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after at home. A great many of those in the work force in my constituency work shift patterns. Many of the jobs are in distribution, with a 24-hour working day. Having child care in the home will make a huge difference to those people; indeed, it will be a good reason for more individuals to get into work. At the moment, a lot of women are prevented from working and cannot take up much-needed jobs.

I welcome the guarantees for pensioners, especially those on state pensions or small occupational pensions. People who were able to provide for their retirement often found themselves in a poverty trap; the Budget will make a tremendous difference to them. Many pensioners in my constituency have asked me to thank the Chancellor because they are better off than they have been for many years; we should not be afraid to express such sentiments. Eight hundred and fifty businesses in Cumbernauld and Kilsyth will benefit from the cuts in the starting rate for corporation tax and the small business rate, as well as other measures to encourage enterprise and new business. New businesses are crucial to future employment prospects, and the Chancellor has provided genuine incentives to improve the business rate.

I am delighted that the Budget will benefit everyone, but I have one concern. How are areas like Cumbernauld and Kilsyth, where people are not highly paid but where there is low unemployment, to help adjoining communities with unacceptably high unemployment? Areas of deep deprivation and poverty, which often adjoin successful constituencies are one of the biggest challenges facing the Government. A significant target for us is to find a way to help them out of poverty.

Cumbernauld and Kilsyth give a sincere welcome to the Budget. We are a hard-working community; most people are in employment, but are not on high incomes. We hoped that the average income would rise in the near future; a well-known Scottish footballer, Henrik Larson, suggested that he would move to the constituency but, sadly, he has changed his mind, disappointing 50 per cent. of my constituency; I do not know what the other 50 per cent. are saying.

It is a great honour to be a member of a Government who have made a commitment to improving our public services. The Budget will ensure that resources will be available to both the Government and the Scottish Executive to deliver improved public services. I believe in our public services, and I want them to be the best in the world.

5.32 pm

Mr. Andrew Hunter (Basingstoke): I draw attention to a registered interest: I am non-executive director of a hotel or catering conference company that is relatively labour-intensive, so I anticipate that it will be adversely affected by some of the provisions in the Budget.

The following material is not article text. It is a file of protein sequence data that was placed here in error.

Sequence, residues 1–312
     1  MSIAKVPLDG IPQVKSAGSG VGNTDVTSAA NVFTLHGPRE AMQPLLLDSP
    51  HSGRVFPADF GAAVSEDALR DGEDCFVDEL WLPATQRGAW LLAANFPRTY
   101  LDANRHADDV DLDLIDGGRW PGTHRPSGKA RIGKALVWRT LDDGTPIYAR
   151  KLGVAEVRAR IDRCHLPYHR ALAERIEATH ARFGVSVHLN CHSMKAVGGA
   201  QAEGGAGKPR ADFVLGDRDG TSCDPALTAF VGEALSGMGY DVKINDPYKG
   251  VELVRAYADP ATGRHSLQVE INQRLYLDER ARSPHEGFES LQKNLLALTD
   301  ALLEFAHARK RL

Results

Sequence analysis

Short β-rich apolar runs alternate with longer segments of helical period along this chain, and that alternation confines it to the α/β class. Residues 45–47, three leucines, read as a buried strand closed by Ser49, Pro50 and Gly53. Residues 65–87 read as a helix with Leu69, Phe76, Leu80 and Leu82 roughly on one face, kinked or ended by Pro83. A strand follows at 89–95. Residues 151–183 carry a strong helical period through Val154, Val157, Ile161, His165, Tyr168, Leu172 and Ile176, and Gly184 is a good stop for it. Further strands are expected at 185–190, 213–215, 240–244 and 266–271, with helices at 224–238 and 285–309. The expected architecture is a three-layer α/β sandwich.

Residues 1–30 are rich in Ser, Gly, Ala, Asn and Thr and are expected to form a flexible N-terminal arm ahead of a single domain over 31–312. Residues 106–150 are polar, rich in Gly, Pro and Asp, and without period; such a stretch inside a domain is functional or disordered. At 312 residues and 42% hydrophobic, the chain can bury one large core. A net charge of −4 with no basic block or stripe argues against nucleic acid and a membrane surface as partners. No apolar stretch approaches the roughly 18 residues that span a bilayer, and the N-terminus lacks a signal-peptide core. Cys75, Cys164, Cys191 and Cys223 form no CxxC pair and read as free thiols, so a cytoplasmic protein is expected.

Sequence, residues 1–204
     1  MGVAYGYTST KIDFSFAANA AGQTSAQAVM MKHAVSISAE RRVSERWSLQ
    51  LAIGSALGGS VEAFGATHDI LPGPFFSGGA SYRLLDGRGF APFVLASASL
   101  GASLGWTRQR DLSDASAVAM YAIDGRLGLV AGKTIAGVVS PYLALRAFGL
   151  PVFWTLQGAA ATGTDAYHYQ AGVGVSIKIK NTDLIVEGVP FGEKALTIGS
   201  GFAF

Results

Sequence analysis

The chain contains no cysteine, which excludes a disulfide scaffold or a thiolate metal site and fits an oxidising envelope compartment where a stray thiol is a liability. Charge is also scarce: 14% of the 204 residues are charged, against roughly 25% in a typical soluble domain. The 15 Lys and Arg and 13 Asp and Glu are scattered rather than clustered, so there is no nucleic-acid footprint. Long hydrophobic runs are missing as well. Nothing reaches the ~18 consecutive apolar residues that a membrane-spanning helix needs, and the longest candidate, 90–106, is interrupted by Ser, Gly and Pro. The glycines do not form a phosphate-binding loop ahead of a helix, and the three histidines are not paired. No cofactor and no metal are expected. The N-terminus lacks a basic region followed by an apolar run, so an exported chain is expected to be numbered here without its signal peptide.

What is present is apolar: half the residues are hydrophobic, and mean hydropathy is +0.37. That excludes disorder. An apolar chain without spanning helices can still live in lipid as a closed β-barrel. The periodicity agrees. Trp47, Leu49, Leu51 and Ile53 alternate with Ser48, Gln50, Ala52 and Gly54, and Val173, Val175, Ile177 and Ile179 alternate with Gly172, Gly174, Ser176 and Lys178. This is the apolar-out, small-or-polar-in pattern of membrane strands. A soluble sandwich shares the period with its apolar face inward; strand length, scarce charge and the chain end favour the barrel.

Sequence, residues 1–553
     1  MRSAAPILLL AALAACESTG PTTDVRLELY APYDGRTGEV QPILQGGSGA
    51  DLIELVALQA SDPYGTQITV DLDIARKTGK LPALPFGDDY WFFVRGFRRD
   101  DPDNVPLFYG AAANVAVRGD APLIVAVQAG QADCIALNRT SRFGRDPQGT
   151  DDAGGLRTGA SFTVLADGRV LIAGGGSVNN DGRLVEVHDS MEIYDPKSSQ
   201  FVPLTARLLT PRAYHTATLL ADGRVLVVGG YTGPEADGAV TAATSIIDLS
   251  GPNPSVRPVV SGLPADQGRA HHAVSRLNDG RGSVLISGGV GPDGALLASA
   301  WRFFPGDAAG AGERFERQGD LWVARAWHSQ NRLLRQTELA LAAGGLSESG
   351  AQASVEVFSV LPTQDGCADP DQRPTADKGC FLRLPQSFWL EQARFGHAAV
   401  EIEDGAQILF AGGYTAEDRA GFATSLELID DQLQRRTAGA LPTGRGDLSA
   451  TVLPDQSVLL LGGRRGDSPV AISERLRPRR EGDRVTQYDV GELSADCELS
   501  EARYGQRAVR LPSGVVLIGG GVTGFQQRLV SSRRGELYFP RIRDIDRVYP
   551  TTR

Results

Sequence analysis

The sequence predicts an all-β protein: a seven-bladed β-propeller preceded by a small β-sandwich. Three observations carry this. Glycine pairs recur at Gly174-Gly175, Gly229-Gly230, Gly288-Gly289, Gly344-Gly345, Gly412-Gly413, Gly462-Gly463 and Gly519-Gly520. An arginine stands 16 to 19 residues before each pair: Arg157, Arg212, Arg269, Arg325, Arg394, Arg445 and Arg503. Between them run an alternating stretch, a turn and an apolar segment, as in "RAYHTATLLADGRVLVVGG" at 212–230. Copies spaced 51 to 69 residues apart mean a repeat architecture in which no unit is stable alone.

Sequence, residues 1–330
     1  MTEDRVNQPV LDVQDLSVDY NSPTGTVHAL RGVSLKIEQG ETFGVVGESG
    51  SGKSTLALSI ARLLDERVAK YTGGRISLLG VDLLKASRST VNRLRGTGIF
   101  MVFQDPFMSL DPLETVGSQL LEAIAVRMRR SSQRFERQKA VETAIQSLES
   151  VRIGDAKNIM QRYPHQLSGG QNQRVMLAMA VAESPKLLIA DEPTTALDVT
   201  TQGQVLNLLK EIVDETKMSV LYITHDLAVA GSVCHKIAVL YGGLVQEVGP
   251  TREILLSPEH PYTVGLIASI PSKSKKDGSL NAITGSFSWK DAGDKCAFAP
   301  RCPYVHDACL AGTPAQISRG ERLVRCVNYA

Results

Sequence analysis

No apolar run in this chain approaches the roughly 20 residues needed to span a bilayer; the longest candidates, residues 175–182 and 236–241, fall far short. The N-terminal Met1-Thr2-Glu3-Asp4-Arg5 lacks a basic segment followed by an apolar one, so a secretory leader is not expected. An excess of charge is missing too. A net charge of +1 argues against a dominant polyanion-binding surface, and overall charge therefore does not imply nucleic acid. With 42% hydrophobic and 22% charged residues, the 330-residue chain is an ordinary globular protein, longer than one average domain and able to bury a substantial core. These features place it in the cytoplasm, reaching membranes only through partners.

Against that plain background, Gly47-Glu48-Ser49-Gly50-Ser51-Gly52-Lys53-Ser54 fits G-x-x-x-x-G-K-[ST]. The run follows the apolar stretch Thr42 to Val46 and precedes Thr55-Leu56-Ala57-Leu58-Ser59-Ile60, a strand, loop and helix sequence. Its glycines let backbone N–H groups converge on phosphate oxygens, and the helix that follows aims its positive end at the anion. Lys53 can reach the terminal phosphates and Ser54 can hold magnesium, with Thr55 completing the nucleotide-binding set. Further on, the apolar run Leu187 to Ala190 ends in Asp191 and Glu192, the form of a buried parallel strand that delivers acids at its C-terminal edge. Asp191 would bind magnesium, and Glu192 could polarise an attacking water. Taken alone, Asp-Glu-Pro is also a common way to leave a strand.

I originally intended to make just two points. Bearing in mind the edict of the Chairman of Ways and Means, I shall restrict myself to one point which, however, I shall extend a little by regretting the fact that the hon. Member for Barnsley, Central (Mr. Illsley) is no longer in the Chamber. I appreciate that he has legitimate business elsewhere, but I was genuinely interested in his contribution to our debate. There appear to be affinities

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between Barnsley and Basingstoke. My constituency is situated in a relatively affluent part of the country, but has pockets of deprivation. I therefore identified with the hon. Gentleman's observations about Barnsley. In particular, our health authority has incurred a recurring deficit. Both today and yesterday, I listened carefully to all the Government's statements and observations; I have yet to hear, but look forward to doing so, clarification of the way in which the Government's increased expenditure plans will bear on health authorities with a historic recurring deficit.

I shall confine my further comments to just one point: the impact of the Budget on industry and commerce. Earlier in the debate the Secretary of State referred to the unprecedented strength and stability of the economy—I believe that I quote him accurately. It would be churlish to deny that that is the case in many respects, and I give credit to the Government for that. However, it is not the whole story.

During the previous Parliament, according to the Confederation of British Industry, business was burdened with an extra £6 billion a year in tax and some £5 billion in the estimated cost of red tape. Even before yesterday's Budget, those burdens have been impeding companies' ability to win orders and create jobs.

There is a further down side to the current generally healthy situation. The Government have so far only paid lip service to another important matter—the burden of bureaucracy on UK businesses, which increases remorselessly. Opposition Members have grown accustomed to pointing out that there has been the equivalent of one new regulation every 26 minutes of every working day during the lifetime of the Government. Whether or not that figure is disputed, it is irrefutable that UK businesses are spending more and more time filling in forms and less time chasing orders and creating jobs. Consequently, the UK is becoming a less attractive place to do business.

That is potentially very serious for a constituency such as Basingstoke—there are many similar constituencies, especially in the south-east of England—where a great deal of the locally based economic activity flows from inward investment. Over the past five years the UK has fallen from ninth to 19th in the league of world competitiveness, according to my figures. My hon. Friend the Member for West Worcestershire (Sir Michael Spicer) had slightly different figures, but we are making essentially the same point.

The Government inherited a legacy of low taxation, a mobile work force and low non-wage costs for employers, but that legacy has largely been eroded. We have lost and are losing much of our advantage. That is important to towns with a high-tech industry component, such as Basingstoke. The Minister may recall the table that appeared earlier this week or perhaps last week in The Times, which showed that in towns such as Newbury, Basingstoke, Woking and Bracknell, the rate of unemployment has increased relatively dramatically over the past year or so, admittedly from a very low base. Our productivity growth used to be faster than that of the United States, but under the present Government productivity growth is slowing.